Catholic Diocese of Spokane, Washington

From the

Official News Magazine of the Diocese of Spokane

Deacon Eric Meisfjord, Editor
P.O. Box 48, Spokane WA 99210
(509) 358-7340; FAX: (509) 358-7302

Generous Spokane Diocese parishioners fund life-saving surgery for Guatemala woman

by Emily Albi and Jerry Monks, for the Inland Register

(From the Jan. 18, 2007 edition of the Inland Register)

Irma Cojon holds her one-year-old daughter, Clara. Irma had been paralyzed with tuberculosis of the spine and underwent a delicate operation in July 2004. She has continued to improve to the point where she now cares for four children at home and participates actively in community life. Irma is extremely grateful to people of Spokane for help received. (IR photo from the Guatemala Commission)

Less than three years ago, Irma Cojon was on the brink of death. She could no longer care for her children or cook for her family over the open fire that warmed their tiny house in Northern Guatemala.

The mysterious pain and paralysis that had attacked Irma’s legs had spread to her upper body. Unable to move even her arms, she felt like she was suffocating. Her husband, Juan, sought out Father David Baronti, their parish priest, to give Irma the last sacraments.

When the Spokane-based missionary saw Irma, she told him that she was ready for God to take her. But, she questioned, “What about my children? They need me.”

Irma had been an active and energetic catechist in Father Baronti’s parish, a role model for other young women in the area. He was not about to let her die without exploring every opportunity to save her life.

Father Baronti insisted on taking Irma to a hospital for examination. That led to another hospital and, finally, a diagnosis of tuberculosis of the spine. Then followed some long-distance phone calls, nearly $3,000 in contributions from parishioners of the Diocese of Spokane, and an operation in Guatemala City on July 5, 2004.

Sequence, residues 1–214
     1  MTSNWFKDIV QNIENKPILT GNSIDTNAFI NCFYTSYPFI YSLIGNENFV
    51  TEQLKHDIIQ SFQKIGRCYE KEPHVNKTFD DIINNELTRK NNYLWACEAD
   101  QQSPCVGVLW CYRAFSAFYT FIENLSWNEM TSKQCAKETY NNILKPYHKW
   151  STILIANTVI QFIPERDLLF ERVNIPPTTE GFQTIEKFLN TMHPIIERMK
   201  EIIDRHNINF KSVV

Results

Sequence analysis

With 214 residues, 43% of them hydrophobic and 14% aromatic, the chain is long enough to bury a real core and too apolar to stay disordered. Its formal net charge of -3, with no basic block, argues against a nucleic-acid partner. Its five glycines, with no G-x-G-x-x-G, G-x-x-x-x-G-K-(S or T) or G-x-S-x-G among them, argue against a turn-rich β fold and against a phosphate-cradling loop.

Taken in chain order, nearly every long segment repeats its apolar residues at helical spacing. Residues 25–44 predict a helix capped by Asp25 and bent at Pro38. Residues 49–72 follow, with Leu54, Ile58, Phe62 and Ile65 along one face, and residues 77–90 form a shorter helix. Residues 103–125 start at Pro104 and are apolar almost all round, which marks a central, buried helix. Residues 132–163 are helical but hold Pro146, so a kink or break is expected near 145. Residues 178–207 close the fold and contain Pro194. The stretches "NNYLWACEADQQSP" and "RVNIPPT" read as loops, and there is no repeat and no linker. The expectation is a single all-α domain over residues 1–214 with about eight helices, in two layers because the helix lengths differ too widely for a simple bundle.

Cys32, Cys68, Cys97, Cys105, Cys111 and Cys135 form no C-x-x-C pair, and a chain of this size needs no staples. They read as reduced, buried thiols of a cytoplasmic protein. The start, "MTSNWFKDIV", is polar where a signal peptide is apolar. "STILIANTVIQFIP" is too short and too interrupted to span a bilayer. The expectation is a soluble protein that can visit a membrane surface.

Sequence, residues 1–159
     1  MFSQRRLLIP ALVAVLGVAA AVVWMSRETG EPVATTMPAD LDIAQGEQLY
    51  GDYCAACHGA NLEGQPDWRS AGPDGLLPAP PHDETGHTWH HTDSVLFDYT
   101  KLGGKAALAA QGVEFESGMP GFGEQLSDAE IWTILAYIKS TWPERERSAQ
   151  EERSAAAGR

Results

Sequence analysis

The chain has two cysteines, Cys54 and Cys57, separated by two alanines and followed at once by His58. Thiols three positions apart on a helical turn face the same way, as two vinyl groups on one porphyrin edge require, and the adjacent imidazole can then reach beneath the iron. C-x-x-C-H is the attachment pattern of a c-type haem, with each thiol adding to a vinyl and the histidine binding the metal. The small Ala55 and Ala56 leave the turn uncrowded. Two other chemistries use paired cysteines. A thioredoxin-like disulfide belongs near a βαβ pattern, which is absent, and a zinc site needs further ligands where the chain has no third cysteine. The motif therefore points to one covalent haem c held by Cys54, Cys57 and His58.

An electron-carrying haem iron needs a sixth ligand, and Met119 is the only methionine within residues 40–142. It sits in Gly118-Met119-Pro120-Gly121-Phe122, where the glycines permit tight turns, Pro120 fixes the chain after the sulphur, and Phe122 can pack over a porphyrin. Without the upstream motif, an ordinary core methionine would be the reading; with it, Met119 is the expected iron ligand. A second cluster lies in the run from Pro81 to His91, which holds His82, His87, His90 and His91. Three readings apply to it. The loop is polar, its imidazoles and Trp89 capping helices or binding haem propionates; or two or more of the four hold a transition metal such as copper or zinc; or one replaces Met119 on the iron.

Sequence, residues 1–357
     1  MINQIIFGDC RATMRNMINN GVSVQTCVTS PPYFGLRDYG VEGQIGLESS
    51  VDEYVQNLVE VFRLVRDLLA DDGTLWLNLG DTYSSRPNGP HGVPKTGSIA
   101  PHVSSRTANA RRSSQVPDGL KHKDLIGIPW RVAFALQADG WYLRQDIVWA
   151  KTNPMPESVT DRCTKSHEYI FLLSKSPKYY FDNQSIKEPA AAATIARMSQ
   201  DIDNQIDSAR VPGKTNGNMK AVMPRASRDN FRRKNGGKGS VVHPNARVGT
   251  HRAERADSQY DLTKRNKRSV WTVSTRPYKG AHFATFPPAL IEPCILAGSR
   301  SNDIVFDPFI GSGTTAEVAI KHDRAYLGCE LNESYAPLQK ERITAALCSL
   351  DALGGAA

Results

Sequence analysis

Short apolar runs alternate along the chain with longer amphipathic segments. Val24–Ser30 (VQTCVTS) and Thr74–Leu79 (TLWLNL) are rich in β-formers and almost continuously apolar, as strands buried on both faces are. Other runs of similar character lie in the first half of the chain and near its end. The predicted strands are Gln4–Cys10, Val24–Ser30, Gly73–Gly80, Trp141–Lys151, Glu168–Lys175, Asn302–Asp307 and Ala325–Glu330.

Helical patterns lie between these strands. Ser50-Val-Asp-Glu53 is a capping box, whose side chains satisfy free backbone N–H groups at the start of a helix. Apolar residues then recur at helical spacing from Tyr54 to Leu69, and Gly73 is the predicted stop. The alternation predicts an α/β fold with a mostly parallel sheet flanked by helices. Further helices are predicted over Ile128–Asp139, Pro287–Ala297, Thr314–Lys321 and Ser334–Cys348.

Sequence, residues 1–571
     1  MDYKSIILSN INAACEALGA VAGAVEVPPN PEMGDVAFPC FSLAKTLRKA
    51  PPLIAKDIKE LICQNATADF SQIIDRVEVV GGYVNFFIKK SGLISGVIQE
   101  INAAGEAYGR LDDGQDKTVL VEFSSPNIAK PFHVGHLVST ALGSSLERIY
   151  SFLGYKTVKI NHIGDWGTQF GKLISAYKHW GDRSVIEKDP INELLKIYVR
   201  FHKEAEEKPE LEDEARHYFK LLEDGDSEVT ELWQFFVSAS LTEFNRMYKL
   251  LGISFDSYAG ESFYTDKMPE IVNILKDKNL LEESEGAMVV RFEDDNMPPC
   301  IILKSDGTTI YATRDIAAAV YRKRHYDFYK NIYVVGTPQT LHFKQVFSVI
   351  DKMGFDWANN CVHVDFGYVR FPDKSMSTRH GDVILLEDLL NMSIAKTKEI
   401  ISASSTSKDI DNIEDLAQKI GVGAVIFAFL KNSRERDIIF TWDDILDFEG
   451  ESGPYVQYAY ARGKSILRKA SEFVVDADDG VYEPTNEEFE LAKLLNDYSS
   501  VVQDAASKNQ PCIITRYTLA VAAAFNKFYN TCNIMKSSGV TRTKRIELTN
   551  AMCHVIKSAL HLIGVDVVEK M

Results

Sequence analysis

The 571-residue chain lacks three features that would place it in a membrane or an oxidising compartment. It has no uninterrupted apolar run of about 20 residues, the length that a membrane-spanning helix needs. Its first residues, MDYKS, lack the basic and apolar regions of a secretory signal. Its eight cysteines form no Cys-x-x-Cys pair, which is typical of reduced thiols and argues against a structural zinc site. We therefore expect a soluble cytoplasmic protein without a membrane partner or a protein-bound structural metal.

The spinal surgery for Irma was a procedure that would not likely have been attempted in the U.S. Nevertheless, Irma survived. Within a few months she had improved to the point where she could walk – slowly. Yes, some difficulties remained. And she had to be on some medications. But she was available for her children, Astrid, Miguel, and Alejandra.

Over the next year, Irma’s condition improved. She returned to her more active role in her home and her community.

In December 2005 Irma and Juan were blessed with their fourth child, whom they named Clara. During 2006, Irma joined with two other young women of the village to train for producing goods that might be sold to tourists to enhance the family income.

Like many Guatemalans, Irma’s faith helped carry her through an extremely difficult crisis. She and her husband, Juan, were willing to accept whatever God had in store for them. But God’s plan included an intervention on the part of Father Baronti and some donors from Spokane.

The help Irma received has given her a new outlook on life and a new daughter to share the joy of life. Her appreciation to all concerned is evident in the contagious happiness she spreads to everyone she meets. Perhaps it is her way of saying “Thank you, God, for making the people of Spokane a part of my life. Now, I’ll do my part to spread that joy of life to others here in my village in Guatemala.”

(Emily Albi contributed to this article; Jerry Monks is a member of the Spokane Diocese’s Guatemala Commission.)

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